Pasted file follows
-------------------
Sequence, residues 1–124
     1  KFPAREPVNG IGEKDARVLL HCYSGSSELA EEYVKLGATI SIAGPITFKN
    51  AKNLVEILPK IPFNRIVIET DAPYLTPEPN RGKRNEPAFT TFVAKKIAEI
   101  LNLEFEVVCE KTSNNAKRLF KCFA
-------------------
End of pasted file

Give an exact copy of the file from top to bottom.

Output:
Sequence, residues 1–124
     1  KFPAREPVNG IGEKDARVLL HCYSGSSELA EEYVKLGATI SIAGPITFKN
    51  AKNLVEILPK IPFNRIVIET DAPYLTPEPN RGKRNEPAFT TFVAKKIAEI
   101  LNLEFEVVCE KTSNNAKRLF KCFA